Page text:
USDA awards $33M for agricultural research at historically Black universities

July 24 (UPI) — The U.S. Department of Agriculture announced Monday it is awarding $33 million to more than a dozen historically Black universities to expand their teaching, research and extension capacities.

The funding will support 82 agricultural research projects at the 19 universities throughout the United States designated at 1890 Land-Grant institutions, according to Agriculture Deputy Secretary Xochitl Torres Small.

“The work these universities will take on as a result of this funding have ripple effects far beyond the walls of their laboratories and classrooms,” he said in a statement.

“Through this investment, the Biden-Harris administration is helping deliver real-life, applicable solutions to make our food system stronger, while at the same time inspiring a next generation of students and scientists who will help us meet tomorrow’s agricultural challenges.”

The money is being provided by the USDA’s National Institute of Food and Agriculture, whose leaders say they view the group of historically Black universities as “uniquely positioned to advance fundamental sciences as well as translational research and development in support of agriculture.”

NIFA Director Manjit Misra praised the research already underway at the schools as “visionary projects” aimed at improving the supply of “affordable, safe, nutritious and accessible foods” and generating prosperity for small and mid-sized family farms in rural America.

The 1890 Land-Grant universities receiving the funding include Alabama A&M, Alcorn State, Central State, Delaware State, Florida A&M, Fort Valley State, Kentucky State, Langston University, Lincoln University of Missouri, North Carolina A&T, Prairie View A&M, South Carolina State, Southern University and A&M, Tennessee State, Tuskegee University, University of Arkansas at Pine Bluff, University of Maryland Eastern Shore, Virginia State and West Virginia State.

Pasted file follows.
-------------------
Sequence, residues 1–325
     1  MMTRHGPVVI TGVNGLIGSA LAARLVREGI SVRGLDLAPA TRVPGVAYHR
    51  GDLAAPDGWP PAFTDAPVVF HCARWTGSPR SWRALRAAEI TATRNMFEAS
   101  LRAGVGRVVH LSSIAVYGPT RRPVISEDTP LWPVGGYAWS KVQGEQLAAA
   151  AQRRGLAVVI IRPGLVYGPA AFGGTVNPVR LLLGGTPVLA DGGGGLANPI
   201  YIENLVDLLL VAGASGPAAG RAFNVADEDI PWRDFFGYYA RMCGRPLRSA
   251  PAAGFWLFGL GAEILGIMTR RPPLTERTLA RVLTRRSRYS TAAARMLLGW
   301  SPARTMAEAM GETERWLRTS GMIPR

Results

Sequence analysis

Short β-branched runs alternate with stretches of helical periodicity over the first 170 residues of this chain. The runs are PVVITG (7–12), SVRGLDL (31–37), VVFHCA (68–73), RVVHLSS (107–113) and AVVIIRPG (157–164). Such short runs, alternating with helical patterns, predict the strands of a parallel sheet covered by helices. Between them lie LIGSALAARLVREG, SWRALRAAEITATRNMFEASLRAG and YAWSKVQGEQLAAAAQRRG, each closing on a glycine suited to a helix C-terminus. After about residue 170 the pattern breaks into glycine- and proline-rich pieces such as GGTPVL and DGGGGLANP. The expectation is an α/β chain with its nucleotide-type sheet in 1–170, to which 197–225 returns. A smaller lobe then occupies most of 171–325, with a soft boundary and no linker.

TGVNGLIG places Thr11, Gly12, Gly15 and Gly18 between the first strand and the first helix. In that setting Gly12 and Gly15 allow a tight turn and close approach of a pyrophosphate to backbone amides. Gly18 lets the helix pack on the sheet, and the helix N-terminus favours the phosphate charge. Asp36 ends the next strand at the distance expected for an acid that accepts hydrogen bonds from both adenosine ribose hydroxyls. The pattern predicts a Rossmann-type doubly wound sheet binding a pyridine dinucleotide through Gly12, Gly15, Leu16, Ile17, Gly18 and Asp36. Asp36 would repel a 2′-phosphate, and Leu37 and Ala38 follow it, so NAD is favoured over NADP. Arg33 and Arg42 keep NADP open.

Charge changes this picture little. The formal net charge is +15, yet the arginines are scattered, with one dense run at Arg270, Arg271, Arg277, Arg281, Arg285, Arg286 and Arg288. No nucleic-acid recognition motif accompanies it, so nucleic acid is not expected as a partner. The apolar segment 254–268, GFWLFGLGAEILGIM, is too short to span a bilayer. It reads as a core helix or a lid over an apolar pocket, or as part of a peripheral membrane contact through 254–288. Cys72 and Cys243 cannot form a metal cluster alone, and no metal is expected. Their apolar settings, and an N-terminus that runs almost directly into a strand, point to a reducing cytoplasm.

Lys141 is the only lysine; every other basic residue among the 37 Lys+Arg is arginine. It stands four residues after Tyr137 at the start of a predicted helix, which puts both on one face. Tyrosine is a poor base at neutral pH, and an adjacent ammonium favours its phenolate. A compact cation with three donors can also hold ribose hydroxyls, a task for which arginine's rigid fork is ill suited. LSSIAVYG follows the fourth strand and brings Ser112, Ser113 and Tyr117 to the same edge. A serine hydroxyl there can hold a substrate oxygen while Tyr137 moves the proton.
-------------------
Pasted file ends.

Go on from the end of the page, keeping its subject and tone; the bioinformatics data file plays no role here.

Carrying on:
Projects such as Virginia State’s efforts to develop new, sustainable types of forage to support the growing number of goat and sheep farms in south Atlantic states and Fort Valley State’s research into creating new blends of vegetable cooking oils were singled out as examples for financial backing.

Such research seeks to help small U.S. farmers tap into and increase profits from changing food preferences across the country, NIFA says.

The Land-Grant schools were established under the Second Morrill Act of 1890 after it became apparent that many of the public institutions created to teach agriculture and mechanical arts under the original Morrill Land Grant Act of 1862 were largely segregated.

Authored by Upi via Breitbart July 24th 2023